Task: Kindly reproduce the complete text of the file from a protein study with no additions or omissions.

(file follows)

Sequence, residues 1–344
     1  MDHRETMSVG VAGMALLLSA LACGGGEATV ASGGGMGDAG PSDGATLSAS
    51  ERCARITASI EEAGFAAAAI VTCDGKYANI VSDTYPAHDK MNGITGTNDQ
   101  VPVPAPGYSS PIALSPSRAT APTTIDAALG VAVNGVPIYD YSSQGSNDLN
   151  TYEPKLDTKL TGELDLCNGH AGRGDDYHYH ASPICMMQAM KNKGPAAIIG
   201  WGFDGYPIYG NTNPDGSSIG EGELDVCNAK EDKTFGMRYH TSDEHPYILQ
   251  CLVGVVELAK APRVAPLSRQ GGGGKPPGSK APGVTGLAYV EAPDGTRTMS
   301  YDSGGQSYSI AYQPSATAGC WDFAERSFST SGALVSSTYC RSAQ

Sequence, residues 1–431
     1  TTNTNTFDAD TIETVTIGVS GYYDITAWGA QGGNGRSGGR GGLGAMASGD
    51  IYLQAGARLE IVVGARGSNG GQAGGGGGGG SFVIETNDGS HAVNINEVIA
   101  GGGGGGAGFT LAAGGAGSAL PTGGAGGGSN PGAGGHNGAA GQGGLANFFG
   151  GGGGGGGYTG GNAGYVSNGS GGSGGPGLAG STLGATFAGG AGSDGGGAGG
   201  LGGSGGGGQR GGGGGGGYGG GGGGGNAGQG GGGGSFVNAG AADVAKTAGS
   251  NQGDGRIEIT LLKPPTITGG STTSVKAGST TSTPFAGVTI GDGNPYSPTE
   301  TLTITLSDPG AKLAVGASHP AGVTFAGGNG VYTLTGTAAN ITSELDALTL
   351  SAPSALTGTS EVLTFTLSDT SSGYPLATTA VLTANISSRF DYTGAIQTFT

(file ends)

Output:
Sequence, residues 1–344
     1  MDHRETMSVG VAGMALLLSA LACGGGEATV ASGGGMGDAG PSDGATLSAS
    51  ERCARITASI EEAGFAAAAI VTCDGKYANI VSDTYPAHDK MNGITGTNDQ
   101  VPVPAPGYSS PIALSPSRAT APTTIDAALG VAVNGVPIYD YSSQGSNDLN
   151  TYEPKLDTKL TGELDLCNGH AGRGDDYHYH ASPICMMQAM KNKGPAAIIG
   201  WGFDGYPIYG NTNPDGSSIG EGELDVCNAK EDKTFGMRYH TSDEHPYILQ
   251  CLVGVVELAK APRVAPLSRQ GGGGKPPGSK APGVTGLAYV EAPDGTRTMS
   301  YDSGGQSYSI AYQPSATAGC WDFAERSFST SGALVSSTYC RSAQ

Sequence, residues 1–431
     1  TTNTNTFDAD TIETVTIGVS GYYDITAWGA QGGNGRSGGR GGLGAMASGD
    51  IYLQAGARLE IVVGARGSNG GQAGGGGGGG SFVIETNDGS HAVNINEVIA
   101  GGGGGGAGFT LAAGGAGSAL PTGGAGGGSN PGAGGHNGAA GQGGLANFFG
   151  GGGGGGGYTG GNAGYVSNGS GGSGGPGLAG STLGATFAGG AGSDGGGAGG
   201  LGGSGGGGQR GGGGGGGYGG GGGGGNAGQG GGGGSFVNAG AADVAKTAGS
   251  NQGDGRIEIT LLKPPTITGG STTSVKAGST TSTPFAGVTI GDGNPYSPTE
   301  TLTITLSDPG AKLAVGASHP AGVTFAGGNG VYTLTGTAAN ITSELDALTL
   351  SAPSALTGTS EVLTFTLSDT SSGYPLATTA VLTANISSRF DYTGAIQTFT